Europe tightens virus curbs as global cases top 40 million
A number of European countries took urgent new measures on Oct. 19 to combat a second wave of coronavirus infections, as the World Health Organization blamed the surge in worldwide cases - now more than 40 million - on countries' failure to quarantine infected people properly.
Irish prime minister Micheal Martin issued a nationwide "stay at home" order from midnight Wednesday, with all non-essential retail businesses to close and bars and restaurants limited to takeaway service only, although schools will remain open.
Wales also announced "firebreak" confinement measures for two weeks, ordering the territory's three million residents to stay at home except for very limited purposes such as exercise or work, and banning people from mixing indoors or outdoors.
WHO emergencies director Michael Ryan blamed soaring transmission rates in the northern hemisphere on a failure to enforce quarantines rigorously.
Speaking to a virtual press conference from the WHO's headquarters in Geneva, Ryan said the fact that self-isolation measures were not being enforced systematically was "a good part of the reason why we're seeing such high numbers".
Many governments are seeking to avoid the costly full-scale lockdowns imposed in the first wave as they battle to keep their economies going.
But in some countries, people are chafing against new restrictions on daily life, and anti-mask protests, court challenges and battles between central and local governments are on the rise.
Belgium - where hospitalisations rose 100 percent in just the last week - closed bars and restaurants on Monday for a month and reinforced a curfew overnight.
Italy, the initial epicentre of Europe's outbreak, also announced fresh curbs including earlier closures for bars and restaurants and a push to increase working from home.
In Poland, where around half the country is now designated as a coronavirus "red zone", the government said the national stadium would double as a field hospital to help ease the strain on overwhelmed health facilities.
Switzerland meanwhile made mask-wearing compulsory in indoor public spaces and limited public gatherings after infections doubled over the last week.
"The second wave is here, earlier and stronger than we expected, but we are prepared," Swiss Health Minister Alain Berset said.
France imposed its own overnight curfew from the weekend in nine cities including Paris, affecting 20 million people, with a record 32,400 new infections reported on Saturday.
Slovenia followed suit, with its roughly two million inhabitants forced to stay home between 9:00 pm and 6:00 am from Tuesday and banned from non-essential travel.
While European nations imposed new restrictions, Australia's second-biggest city of Melbourne eased its lockdown on Monday, as residents flocked to reopened hair salons and golf courses that had been closed for more than 100 days.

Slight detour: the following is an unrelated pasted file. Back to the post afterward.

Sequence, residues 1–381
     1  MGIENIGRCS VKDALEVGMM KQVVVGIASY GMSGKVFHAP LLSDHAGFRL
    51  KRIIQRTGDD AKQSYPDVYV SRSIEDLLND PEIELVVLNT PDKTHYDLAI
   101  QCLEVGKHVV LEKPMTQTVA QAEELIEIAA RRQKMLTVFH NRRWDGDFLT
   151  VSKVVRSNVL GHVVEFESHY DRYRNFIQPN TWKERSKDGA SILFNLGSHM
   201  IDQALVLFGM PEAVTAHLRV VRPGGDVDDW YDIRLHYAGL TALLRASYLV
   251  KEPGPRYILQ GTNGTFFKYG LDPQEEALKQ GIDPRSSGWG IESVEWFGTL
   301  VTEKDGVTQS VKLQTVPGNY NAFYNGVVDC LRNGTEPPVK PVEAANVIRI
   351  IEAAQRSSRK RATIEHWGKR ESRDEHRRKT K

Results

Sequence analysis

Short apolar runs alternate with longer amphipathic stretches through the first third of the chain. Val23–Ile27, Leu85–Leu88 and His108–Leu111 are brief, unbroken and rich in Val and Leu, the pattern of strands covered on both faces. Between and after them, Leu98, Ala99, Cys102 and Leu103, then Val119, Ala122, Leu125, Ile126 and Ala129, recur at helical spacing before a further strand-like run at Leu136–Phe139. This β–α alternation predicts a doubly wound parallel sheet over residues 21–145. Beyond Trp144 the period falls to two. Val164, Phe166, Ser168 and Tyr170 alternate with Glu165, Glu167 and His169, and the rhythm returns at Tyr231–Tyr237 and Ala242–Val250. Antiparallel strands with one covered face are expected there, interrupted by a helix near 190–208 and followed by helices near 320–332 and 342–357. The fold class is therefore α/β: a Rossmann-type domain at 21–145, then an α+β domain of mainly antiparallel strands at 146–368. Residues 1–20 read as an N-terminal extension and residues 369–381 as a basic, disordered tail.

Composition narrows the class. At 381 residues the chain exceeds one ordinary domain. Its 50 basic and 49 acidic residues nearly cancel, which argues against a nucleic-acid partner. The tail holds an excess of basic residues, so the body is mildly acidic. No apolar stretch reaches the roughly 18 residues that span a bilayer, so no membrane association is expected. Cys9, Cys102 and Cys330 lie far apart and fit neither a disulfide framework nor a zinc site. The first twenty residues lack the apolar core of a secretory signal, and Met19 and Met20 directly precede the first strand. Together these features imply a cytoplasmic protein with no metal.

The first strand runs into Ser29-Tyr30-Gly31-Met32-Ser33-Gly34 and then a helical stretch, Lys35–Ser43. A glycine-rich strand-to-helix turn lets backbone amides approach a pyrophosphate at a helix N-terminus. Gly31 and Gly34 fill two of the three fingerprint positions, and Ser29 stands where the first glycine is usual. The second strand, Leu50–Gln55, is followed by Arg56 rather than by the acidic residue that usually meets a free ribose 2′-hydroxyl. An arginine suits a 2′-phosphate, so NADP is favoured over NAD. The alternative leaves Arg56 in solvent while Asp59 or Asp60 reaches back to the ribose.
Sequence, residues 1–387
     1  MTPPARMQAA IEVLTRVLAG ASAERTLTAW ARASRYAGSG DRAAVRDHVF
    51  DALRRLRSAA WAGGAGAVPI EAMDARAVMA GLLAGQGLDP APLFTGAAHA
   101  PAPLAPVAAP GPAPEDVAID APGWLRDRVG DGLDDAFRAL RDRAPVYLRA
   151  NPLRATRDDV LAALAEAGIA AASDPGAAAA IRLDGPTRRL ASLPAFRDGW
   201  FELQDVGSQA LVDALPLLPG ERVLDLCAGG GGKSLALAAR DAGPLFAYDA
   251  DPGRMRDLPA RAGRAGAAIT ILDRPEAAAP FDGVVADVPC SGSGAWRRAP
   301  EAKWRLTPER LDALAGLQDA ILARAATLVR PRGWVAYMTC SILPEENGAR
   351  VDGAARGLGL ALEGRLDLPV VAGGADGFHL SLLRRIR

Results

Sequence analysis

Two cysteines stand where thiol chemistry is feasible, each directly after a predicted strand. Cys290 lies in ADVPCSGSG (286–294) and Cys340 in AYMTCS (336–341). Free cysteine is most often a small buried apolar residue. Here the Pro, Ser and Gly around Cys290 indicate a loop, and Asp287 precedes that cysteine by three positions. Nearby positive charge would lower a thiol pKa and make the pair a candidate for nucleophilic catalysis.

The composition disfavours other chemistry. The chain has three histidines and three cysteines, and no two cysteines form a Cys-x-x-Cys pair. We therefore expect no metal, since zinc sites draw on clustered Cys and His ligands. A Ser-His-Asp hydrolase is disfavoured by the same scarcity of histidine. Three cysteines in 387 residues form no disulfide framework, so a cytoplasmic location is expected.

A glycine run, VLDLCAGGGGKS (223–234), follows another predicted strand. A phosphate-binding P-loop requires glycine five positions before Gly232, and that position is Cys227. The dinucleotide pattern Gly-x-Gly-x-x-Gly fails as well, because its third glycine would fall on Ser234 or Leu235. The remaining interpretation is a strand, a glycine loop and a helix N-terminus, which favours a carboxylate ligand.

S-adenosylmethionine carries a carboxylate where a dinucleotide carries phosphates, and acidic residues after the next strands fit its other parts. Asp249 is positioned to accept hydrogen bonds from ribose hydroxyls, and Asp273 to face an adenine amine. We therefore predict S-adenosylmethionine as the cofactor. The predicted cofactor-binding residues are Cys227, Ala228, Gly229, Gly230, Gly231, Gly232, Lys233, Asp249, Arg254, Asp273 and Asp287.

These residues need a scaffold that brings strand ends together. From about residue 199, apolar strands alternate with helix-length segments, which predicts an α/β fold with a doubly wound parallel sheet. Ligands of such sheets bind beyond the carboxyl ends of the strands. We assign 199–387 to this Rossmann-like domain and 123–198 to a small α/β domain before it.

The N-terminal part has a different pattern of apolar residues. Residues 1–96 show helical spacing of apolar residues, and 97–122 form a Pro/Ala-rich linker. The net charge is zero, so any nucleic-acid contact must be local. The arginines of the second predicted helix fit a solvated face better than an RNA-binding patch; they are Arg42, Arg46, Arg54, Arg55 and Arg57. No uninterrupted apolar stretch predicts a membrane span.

Just four cases were recorded Monday in Victoria state, of which Melbourne is the capital.
Iran, the Middle East country hardest hit by the pandemic, announced a daily record of 337 deaths from coronavirus.
By contrast, Israel lifted restrictions that banned people from travelling more than a kilometre from home and had closed kindergartens, beaches and national parks.
Saudi Arabia also eased more of its own virus restrictions when it allowed worshippers to re-enter the Grand Mosque in Mecca, Islam's holiest site, for prayers on Sunday for the first time since March.
Numerous political figures have contracted the virus in recent days, including veteran chief Palestinian negotiator Saeb Erekat, who is in a "critical" condition and in a medically induced coma, the Jerusalem hospital treating him said.
South Africa's Health Minister Zweli Mkhize said he tested positive for COVID-19 just two days after the country's diagnosed cases topped 700,000.
A vaccine remains the greatest hope to end the cycle of imposing and lifting lockdowns across the world, and the United Nations said Monday it would stockpile a billion syringes worldwide by the end of 2021 for that purpose.
"Vaccinating the world against COVID-19 will be one of the largest mass undertakings in human history," UNICEF executive director Henrietta Fore said.
In the US, President Donald Trump went after top government scientist Anthony Fauci, suggesting the hugely respected and popular doctor was an "idiot."
Fauci, a key member of the White House coronavirus task force, has increasingly become a focus for the president's frustration as he bids to shape the messaging on the much-criticised federal response to the pandemic.
But according to several US media outlets, Trump told his campaign team: "People are tired of COVID. People are saying, 'Whatever - just leave us alone.' They're tired of it. People are tired of hearing Fauci and all these idiots."
The pandemic has killed almost 220,000 people in the United States.